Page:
Optemo – www.optemo.com
Optemo is a company founded by Faculty of Science graduates Maryam Mahdaviani, and Jan Ulrich, who have created an intelligent shopping platform for browsing product catalogs. The platform incorporates three ways of search and has already been validated by Best Buy Canada.
RedRovr – www.redrovr.com
A consumer internet company founded by Chris Coldewey, a Sauder School of Businss gradate, that enables demand drive events by generating collaborative interaction between audiences, performers and event organizers.
Veridae – www.veridae.com
Founded by Dr. Bradley Quinton, a PhD graduate of UBC’s Faculty of Applied Science, Veridae’s technology vastly reduces the time it takes engineers to get their microchip designs to full production.
March 26, 2010
I was so pleased to learn that this week Robin McFee and Winnie Lai’s online startup business generated its first $1 of revenue.
This is a great example of entrepreneurship at its finest:
(1) Robin and Winnie identified a market problem (managing waiting times and phone call volumes at offices of family doctors).
(2) Devised a solution and validated it with the marketplace.
(3) Built an alpha of the product and did a soft launch.
(4) Revised based on feedback.
(5) Showed value before charging, and now;
(6) Clinicbook is live and in revenue.
My heartiest congratulations to these great UBC student entrepreneurs.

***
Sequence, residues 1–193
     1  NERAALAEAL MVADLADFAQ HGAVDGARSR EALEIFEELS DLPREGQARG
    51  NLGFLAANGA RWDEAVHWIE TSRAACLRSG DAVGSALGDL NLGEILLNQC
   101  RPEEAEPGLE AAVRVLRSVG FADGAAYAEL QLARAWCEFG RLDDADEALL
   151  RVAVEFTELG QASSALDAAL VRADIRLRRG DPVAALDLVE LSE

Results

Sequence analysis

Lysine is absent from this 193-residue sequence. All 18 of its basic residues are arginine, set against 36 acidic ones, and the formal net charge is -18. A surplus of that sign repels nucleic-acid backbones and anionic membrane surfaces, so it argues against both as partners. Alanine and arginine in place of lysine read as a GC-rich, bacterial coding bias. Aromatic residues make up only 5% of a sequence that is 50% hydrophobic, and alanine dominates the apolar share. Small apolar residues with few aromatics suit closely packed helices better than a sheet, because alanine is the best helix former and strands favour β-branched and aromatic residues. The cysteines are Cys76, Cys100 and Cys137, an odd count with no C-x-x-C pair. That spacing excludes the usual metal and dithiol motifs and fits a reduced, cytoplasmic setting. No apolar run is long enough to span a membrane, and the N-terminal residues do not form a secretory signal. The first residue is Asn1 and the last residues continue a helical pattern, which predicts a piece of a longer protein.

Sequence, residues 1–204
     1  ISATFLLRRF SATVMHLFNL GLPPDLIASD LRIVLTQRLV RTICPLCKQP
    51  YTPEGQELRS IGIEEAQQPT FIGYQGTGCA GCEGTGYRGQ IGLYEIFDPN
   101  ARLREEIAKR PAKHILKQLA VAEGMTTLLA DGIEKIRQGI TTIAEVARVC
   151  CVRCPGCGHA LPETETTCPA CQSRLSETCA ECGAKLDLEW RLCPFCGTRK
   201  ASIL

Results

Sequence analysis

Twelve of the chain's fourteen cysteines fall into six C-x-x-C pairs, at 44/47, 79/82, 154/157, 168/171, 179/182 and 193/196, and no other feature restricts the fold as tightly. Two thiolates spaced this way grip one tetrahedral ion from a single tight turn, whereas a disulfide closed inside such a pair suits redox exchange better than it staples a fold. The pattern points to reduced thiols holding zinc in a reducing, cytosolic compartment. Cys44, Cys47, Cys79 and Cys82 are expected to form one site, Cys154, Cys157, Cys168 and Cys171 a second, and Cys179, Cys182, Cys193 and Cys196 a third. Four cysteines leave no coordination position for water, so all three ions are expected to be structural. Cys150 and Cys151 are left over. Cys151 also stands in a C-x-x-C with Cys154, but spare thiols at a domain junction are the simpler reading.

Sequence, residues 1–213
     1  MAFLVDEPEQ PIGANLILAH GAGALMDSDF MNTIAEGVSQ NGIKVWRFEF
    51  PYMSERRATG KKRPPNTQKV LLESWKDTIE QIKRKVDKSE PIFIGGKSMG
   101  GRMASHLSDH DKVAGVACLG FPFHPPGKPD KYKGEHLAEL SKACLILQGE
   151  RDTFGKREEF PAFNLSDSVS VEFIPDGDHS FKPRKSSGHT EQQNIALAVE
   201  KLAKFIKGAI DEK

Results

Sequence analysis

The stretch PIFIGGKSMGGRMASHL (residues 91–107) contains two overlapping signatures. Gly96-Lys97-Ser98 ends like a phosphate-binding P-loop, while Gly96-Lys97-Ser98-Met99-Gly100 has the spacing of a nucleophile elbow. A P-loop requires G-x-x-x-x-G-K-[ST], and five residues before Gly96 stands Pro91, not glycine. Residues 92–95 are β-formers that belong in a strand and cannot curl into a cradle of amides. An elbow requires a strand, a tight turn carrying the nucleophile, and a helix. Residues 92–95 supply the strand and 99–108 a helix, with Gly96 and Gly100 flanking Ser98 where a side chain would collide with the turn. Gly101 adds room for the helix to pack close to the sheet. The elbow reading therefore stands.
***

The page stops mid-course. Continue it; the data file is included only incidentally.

Visit and use Clinicbook here: www.clinicbook.ca
October 27, 2009
I have been working with a team at The University of British Columbia in forming and launching a first of its kind program in entrepreneurship.
Open to all UBC students and, eventually, all members of the UBC family, “entrepreneurship@UBC” will provide student entrepreneurs with time (workshops, fireside chats, mentorship), talent (for credit courses in entrepreneurship, venture investing and company building) and, most interestingly, treasure (an equity fund created specifically to fund UBC student companies).
While I’ll write more on entrepreneurship@UBC later, this post is about a new student led company called “Clinicbook”. Clinicbook, founded by UBC Applied Sciences undergraduate students Robin McFee and Winnie Lai, is a web-based tool for medical clinics to publish their waiting times in real-time. So, when a patient is looking for a walk-in clinic they can now visit http://www.clinicbook.ca, locate nearby clinics and, most importantly, determine waiting times updated in real-time.
I have enjoyed getting to know Robin and Winnie as they have gone through the formation of this company. I have been wholly impressed. I have watched as these founders:
(1) Identified a market pain both for the doctors, their administrative and front office staff and, indeed, patients.
(2) Recruited a team to help them create Clinicbook’s current beta.
(3) Undertook business development and landed over sixty clinics and several major pharmacies as clients (before launch, no less!)
(4) Revised the product based on input from advisors, customers and clinics, and
(5) Launched their beta this week.
I have no doubt that Clinicbook has found a very interesting market space. I just hope Robin and Winnie will come back and mentor some UBC students once they’ve sold Clinicbook and retired!